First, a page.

How To Fix A Dead Battery Of An E-Bike?

If you find your battery not being able to hold any charge despite continuous charging, then you should probably test the BMS and check it needs replacement.

BMS is short for Battery Management System. It is responsible for maintaining and regulating the charging and discharging of the battery. It generally fails due to overloaded components or a broken connector.

If you observe some failures, including the charger getting broken, some dead cells, or some wiring disruptions, you should ideally go for a replacement.

You can check the battery’s internals by testing all its wirings and connections, BMS reset, and testing voltages across the pins.

When replacing the BMS, ensure to get the proper one that matches the number of pins and style of the connector. The actual replacement is pretty simple as it only requires a plug and plays replacement.

E-Bike Battery Care Guide

Lithium-Ion batteries have come to the rescue for all power-hungry devices. Other batteries such as Lead or Metal Hydride batteries are also being upgraded accordingly.

They are designed to be very light in weight, compact in size, and have a small form factor. These modern-day batteries have a long cycle life and high energy density.

Batteries are the most crucial part of any electronic device, and when it comes to e-bikes, one has to be very careful in the matters of batteries.

Keep the following points in your mind regarding an e-bike battery:

  • For the battery life’s longevity, keep it charged only up to 80 % and not full.
  • Batteries, when exposed to high temperatures for prolonged periods, might give rise to parasitic reactions. Thus do not leave your bike standing out in the scorching sun as it may cause capacity loss of its battery.
  • Similarly, do not charge the battery is too cold conditions. Ensure you have a heated garage, and if not, then take out the battery and keep it inside at a controlled temperature. Please charge the battery only when it has attained room temperature.
  • Leaving the battery at full charge reduces its life considerably and causes degradation. However, if you will use it just after the charging is done, you may change it to 100 %. In other cases, charge it only up to 80 to 90 %.
  • You can quickly know when to stop while charging the battery as almost most of the batteries have LED indicators to indicate the stages.
  • While charging the battery, keep the charge rate less than 0.5 C. Slow charging always yields better results in the long term versus ultra fast or turbocharging.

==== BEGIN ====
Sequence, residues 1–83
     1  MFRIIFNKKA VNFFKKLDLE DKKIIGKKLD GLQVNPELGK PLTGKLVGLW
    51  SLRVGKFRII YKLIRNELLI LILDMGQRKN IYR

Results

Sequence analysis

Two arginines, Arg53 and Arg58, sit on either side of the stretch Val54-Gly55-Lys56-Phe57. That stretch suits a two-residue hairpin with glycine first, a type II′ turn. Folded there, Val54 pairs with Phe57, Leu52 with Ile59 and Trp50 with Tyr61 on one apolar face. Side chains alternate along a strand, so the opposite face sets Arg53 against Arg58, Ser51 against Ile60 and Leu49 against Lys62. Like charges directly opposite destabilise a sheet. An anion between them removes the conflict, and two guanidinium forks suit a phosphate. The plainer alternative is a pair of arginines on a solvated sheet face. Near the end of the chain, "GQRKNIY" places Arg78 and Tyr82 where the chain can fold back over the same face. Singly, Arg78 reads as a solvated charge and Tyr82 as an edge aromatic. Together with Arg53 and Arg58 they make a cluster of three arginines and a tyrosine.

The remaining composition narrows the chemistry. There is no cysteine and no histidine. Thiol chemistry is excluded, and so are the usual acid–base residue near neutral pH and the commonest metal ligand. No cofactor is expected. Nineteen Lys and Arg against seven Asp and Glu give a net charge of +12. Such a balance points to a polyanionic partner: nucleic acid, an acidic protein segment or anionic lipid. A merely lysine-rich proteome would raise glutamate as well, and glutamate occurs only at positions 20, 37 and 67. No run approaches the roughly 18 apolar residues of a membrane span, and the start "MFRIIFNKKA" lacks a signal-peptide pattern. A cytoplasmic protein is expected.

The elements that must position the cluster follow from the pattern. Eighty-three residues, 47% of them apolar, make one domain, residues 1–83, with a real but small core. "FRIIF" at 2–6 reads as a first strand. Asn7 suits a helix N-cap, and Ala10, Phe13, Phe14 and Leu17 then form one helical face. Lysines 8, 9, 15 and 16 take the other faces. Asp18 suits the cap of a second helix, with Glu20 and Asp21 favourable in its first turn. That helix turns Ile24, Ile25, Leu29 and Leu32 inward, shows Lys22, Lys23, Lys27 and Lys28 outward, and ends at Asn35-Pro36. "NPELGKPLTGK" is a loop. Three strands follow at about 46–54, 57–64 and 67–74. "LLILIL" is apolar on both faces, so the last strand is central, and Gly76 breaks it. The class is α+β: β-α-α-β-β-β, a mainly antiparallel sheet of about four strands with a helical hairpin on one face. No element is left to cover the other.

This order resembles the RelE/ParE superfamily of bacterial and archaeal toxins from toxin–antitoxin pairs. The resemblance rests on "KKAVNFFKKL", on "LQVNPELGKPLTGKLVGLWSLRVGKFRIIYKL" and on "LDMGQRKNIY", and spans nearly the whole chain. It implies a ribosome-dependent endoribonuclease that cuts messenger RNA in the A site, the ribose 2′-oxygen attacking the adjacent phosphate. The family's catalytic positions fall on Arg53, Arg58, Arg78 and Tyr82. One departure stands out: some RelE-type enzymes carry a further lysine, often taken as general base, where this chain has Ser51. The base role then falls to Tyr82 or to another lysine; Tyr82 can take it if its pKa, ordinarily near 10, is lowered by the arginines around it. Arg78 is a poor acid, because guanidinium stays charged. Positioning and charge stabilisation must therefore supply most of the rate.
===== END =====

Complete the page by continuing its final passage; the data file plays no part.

• Do not let the charging level fall below 20 %. Ride the bike within a charging range of 20 to 80 %.
  • Rethink your riding patterns and routes. Do not let the battery drain off too soon, and if it does, then your riding pattern needs to be changed as it is causing severe wear and tear to the battery.
  • Always store the battery of your e-bike in a cool and less humid environment. Avoid storing it at a full charge as it may cause fast degradation. You can’t control the calendar aging, but you surely can control the capacity fade.
  • Please use neoprene sleeves for your battery to protect it from the cold chills and dirt, mud, and rain during winters.
  • Lastly, use a good quality charger to charge the battery of an e-bike. Usually, e-bikes come with a 2 A charger, which is good enough and can be used regularly.

Conclusion

If you recently bought a bike, you might want to check if the battery is all that the sales guy made it out to be. Sometimes you might face situations where you will want to test the battery of your e-bike before going for a replacement.

There are various ways you can easily do it, including making use of a voltmeter or multimeter. Also, various simple hacks tend to increase battery life’s longevity, which is discussed above.

Despite everything, the battery will expire at some point. Just make sure you ride your bike as much as possible.

References:
[1] Plot Twist: US Performance Bike Sales Rise in June, Reports The NPD Group

Written by Lee Hill